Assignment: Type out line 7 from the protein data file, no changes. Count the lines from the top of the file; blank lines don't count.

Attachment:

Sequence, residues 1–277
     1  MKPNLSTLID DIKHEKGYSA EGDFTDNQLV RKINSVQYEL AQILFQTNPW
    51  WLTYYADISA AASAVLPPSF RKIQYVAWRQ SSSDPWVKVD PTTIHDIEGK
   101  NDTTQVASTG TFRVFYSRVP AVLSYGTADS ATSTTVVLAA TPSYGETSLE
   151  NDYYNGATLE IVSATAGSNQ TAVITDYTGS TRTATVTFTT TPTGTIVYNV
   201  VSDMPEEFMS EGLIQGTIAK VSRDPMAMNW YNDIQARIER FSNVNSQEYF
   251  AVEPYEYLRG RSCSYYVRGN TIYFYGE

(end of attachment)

   251  AVEPYEYLRG RSCSYYVRGN TIYFYGE